You don’t want that. Furthermore, any droppings that mice get in the food, water, or bedding could give chickens (and you) salmonella.
For these reasons, your chickens may be attacking mice out of self-defense. For example, if a hen notices a mouse or rat going after her eggs, she won’t be pleased. In fact, she may kill the mouse and eat it to prove a point.
How to Rodent-Proof Your Chicken Coop
Eating mice is normal enough for chickens, but you probably don’t want mice to be a large part of your chicken’s diet. After all, mice carry a lot of diseases and can damage the coop and eggs. Therefore, you need to know how to stop mice from getting into the coop.
Here are some ways to rodent-proof the coop:
Seal Up Gaps
While having gaps for ventilation in the coop is always a great idea, you shouldn’t leave those holes wide open. Instead, seal up the cool with some breathable mesh. You get to keep airflow while shielding your flock from predators.
Put Leftover Feed in Containers
One of the reasons why mice wander into coops despite the danger is food. If you want to limit their occurrence, you need to take away temptation. One of the best ways to do that is to keep the coop clean. Remove all excess food overnight. Seal up unused portions in airtight containers, too.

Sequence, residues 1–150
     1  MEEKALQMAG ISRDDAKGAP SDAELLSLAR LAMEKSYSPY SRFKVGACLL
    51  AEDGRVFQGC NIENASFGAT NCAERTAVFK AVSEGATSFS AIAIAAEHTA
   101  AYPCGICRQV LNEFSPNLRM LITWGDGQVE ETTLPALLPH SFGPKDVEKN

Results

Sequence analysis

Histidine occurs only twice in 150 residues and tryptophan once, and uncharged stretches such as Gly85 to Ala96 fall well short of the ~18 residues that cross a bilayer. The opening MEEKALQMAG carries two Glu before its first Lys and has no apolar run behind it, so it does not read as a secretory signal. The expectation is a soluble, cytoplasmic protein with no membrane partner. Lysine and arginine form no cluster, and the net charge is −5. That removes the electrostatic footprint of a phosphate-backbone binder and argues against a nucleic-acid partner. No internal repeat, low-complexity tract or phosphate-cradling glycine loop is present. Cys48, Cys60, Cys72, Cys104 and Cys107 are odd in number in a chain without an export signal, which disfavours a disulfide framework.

When you do set down feed for the chickens, make sure it is inaccessible to rodents. For instance, you might bin the feed in a metal bin that the mice can’t chew through or climb.
Peppermint oil and dried mint leaves have a scent that rodents don’t like. The scent weakens a rodent’s sense of smell. Use mint leaves and essential oil sprays around the coop and yard. Your chickens won’t be harmed, and you will see far less rodents rummaging around.
Don’t put down mouse traps. Instead, get an electronic rodent deterrent. These emit a noise at a frequency that only rodents can hear. Chickens won’t be bothered by the noise, but the rodents, including mice and rats, will stay far away.
Barn Cats and Dogs
Having cats and dogs around the yard is an excellent way to keep mice and other predators away from the chickens. And don’t worry about the cats going after the chickens. They will ignore chickens and eggs while hunting for rodents.
You were wondering if chickens eat mice, and the answer is yes. Chickens will attack mice and eat them with little effort. So don’t be surprised if you see members of the flock walking around with rodent tails hanging from their mouths! However, because mice aren’t always the best or safest source of food, it is best that you rodent-proof your coop to keep your chickens healthy.
Valerie has been content writing since 2016 for websites and companies all around the world. A traveler, dancer, martial artist, Valerie loves gathering experiences and wisdom. Her travels have taken her to over 20 countries, and she hopes to see more of the world soon.